Leonid meteor shower 2021: When it will peak, where to best see it
The Leonid meteor shower occurs each year in November and peaks toward the middle of the month. The Leonids are bright meteors, can also be colorful, and are considered to be some of the fastest meteors out there, according to NASA.
They’re also known for periodic storms every 33 years or so, which can result in hundreds to thousands of meteors seen per hour on Earth — depending on the location of the viewer.
No storm is predicted for 2021, but stargazers can still see plenty of meteors during the activity period of Nov. 6-10. The shower will peak early in the morning on Nov. 17, according to EarthSky, which offers night sky and science news.
Leonids are also known for their fireballs, which are larger explosions of light and color that can persist longer than an average meteor streak, as well as "earthgrazers," which are meteors that streak close to the horizon and are known for their long and colorful tails, NASA says.
FILE - Leonids meteor streaks across the sky over Gudul district of Ankara, Turkey on Nov. 17, 2020. (Photo by Dogukan Keskinkilic/Anadolu Agency via Getty Images)
How many Leonid meteors will be visible in 2021?
Skywatchers can expect to see anywhere from 10 to 15 meteors an hour at the peak of the Leonid meteor shower, according to EarthSky. And that is under ideal conditions, which includes a rural location and a moon that’s absent in the sky.
"In 2021, we have to deal with a waxing gibbous moon, which will make it hard to see fainter meteors. The best time to look is just before dawn (on Nov. 17) after the moon has set," the website states.
Where to watch the 2021 Leonid meteor shower and other viewing tips
The Leonids are best viewed starting at about midnight local time and in an area away from city or street lights — preferably in the country or other rural setting, NASA says.
"Come prepared for winter temperatures with a sleeping bag, blanket or lawn chair. Orient yourself with your feet towards east, lie flat on your back, and look up, taking in as much of the sky as possible. In less than 30 minutes in the dark, your eyes will adapt and you will begin to see meteors," the space agency recommends.
"Be patient — the show will last until dawn, so you have plenty of time to catch a glimpse," it adds.
EarthSky has a page dedicated to finding the best places on Earth to stargaze. You can also determine meteor shower activity by location here.
Where do the Leonid meteors come from?
Meteors come from leftover comet particles and bits from broken asteroids, NASA explains online. The pieces of space debris that interact with our atmosphere to create the Leonids come from the comet 55P/Tempel-Tuttle.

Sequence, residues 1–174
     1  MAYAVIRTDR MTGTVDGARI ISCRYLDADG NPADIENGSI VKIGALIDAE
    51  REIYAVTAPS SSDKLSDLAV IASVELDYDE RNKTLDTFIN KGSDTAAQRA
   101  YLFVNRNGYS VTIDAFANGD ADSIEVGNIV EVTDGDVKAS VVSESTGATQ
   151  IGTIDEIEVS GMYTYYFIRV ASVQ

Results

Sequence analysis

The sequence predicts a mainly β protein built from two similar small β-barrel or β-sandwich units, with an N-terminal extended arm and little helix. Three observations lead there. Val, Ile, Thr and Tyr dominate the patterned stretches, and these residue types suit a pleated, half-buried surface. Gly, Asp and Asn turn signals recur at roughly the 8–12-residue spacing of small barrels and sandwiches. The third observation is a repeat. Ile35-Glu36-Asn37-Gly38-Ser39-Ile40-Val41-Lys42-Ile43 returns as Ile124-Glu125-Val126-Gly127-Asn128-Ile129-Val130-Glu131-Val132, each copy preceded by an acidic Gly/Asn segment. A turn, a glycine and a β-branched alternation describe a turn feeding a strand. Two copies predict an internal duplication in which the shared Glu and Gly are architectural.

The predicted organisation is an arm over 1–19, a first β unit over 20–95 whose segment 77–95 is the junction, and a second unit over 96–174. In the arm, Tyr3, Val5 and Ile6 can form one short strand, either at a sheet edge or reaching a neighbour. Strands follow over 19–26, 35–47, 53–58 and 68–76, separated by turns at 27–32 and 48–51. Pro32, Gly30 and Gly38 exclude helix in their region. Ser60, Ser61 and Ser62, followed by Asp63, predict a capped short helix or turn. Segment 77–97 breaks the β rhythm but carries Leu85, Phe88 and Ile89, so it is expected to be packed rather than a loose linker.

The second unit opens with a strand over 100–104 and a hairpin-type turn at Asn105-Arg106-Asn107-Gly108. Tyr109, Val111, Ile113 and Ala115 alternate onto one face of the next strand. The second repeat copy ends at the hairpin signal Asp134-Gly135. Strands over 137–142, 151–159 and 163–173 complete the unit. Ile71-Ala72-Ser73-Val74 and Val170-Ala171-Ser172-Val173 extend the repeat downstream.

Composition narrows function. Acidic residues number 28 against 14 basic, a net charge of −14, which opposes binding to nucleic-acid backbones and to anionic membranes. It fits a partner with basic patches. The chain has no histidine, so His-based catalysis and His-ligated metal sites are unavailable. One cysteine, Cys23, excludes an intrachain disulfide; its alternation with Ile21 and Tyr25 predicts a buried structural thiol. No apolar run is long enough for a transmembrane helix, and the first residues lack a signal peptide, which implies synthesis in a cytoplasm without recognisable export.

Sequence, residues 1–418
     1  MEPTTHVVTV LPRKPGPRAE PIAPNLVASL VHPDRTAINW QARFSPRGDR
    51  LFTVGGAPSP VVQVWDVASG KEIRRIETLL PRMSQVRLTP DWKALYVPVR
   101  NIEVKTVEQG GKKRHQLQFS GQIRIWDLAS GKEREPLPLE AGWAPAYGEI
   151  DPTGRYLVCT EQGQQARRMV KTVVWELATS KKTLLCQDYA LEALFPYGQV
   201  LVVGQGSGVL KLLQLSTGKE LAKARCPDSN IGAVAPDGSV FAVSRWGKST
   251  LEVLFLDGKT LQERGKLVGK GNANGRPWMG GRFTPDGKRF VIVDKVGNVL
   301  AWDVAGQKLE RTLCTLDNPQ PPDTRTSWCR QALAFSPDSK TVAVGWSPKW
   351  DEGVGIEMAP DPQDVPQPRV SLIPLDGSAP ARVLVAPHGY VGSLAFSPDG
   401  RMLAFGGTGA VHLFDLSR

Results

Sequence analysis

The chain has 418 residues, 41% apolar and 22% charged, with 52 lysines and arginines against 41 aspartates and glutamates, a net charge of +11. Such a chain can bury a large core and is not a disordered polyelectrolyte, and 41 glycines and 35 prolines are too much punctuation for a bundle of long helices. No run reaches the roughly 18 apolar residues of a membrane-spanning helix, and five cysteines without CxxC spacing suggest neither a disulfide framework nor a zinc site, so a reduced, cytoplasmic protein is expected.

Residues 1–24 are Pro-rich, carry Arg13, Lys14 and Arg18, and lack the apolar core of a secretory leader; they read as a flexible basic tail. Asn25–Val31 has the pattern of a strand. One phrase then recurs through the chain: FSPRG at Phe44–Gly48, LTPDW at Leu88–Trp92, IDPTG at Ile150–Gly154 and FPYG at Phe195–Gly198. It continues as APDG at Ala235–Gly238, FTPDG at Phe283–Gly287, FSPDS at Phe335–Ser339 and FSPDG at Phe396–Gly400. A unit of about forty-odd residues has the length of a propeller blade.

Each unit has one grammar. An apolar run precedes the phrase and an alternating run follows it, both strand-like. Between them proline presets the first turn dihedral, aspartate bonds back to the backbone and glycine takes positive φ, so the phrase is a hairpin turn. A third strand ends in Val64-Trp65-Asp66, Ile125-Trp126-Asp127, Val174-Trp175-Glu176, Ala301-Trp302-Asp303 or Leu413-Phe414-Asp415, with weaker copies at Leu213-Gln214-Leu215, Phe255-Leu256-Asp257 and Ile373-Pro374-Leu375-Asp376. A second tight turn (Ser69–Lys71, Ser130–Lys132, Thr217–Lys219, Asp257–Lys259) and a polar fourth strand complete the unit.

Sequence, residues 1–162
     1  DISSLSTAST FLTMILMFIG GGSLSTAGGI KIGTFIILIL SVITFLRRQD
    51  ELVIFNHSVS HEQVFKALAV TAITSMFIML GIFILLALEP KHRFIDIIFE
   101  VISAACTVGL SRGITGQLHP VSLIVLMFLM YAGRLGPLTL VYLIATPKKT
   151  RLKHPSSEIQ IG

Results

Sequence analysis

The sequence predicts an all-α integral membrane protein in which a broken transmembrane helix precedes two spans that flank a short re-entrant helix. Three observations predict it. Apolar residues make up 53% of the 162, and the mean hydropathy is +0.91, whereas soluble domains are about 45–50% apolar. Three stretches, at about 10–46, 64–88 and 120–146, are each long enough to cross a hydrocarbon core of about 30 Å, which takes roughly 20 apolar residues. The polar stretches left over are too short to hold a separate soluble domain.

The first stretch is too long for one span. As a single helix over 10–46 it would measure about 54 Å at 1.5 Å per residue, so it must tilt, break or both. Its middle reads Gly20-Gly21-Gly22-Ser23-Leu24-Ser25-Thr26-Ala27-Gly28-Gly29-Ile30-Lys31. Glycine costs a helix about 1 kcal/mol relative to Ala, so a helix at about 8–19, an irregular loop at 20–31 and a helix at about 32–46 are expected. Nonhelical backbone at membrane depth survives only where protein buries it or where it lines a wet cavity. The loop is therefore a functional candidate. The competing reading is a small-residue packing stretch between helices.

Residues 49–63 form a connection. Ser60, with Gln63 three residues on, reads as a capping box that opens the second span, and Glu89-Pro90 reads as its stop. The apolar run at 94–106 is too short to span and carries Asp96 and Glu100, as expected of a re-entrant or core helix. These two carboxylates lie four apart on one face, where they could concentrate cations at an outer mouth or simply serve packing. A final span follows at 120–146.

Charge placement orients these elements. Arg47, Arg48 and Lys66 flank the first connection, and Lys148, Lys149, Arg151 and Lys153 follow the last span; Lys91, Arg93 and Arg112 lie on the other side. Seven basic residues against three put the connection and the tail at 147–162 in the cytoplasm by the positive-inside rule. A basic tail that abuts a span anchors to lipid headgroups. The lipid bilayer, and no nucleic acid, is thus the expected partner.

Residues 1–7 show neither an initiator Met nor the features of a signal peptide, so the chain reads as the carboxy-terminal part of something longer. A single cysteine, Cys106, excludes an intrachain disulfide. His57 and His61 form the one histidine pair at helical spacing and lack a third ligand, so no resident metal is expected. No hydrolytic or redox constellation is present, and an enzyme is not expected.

When comets come around the sun, such as the comet 55P/Tempel-Tuttle does once every 33 years, the dust they emit gradually spreads into a dusty trail around their orbits.
Every year, the Earth passes through these trails of debris — which allows the bits to collide with our atmosphere where they disintegrate to create fiery streaks in the sky.
The Leonid shower is famous for producing meteor storms, according to EarthSky. Its parent comet Tempel-Tuttle releases fresh material every time it approaches the sun every 33 years, prompting the periodic storms.
The 1833 Leonid meteor storm produced more than 100,000 meteors an hour, EarthSky said.
Other celestial events in November 2021
November will also come with a partial lunar eclipse, which is the second partial eclipse of 2021 and will be the longest such event within a stretch of 1,000 years.
"The next time Earth will see a partial lunar eclipse as lengthy as this month’s will be on February 8, 2669," EarthSky wrote.
Observers in North America, Alaska, eastern Australia, New Zealand and Japan will be able to see the entire partial lunar eclipse. It will peak at its maximum early on Nov. 19 in North America, starting at 2:19 a.m. ET and ending at 5:47 a.m. ET.
Earlier this month, stargazers were treated to another event in which the distant blue planet Uranus reached its closest point to Earth. The planet reached a point in its orbit known as "opposition," meaning that it was opposite the sun from the vantage point of Earth.
As a result, Uranus became possible to see with the naked eye — though it was likely quite faint.
"Although Uranus is not considered a visible planet, at opposition it is bright enough to be visible for someone with excellent eyesight under very dark skies and ideal conditions," NASA said in a statement last month.
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This story was reported from Cincinnati.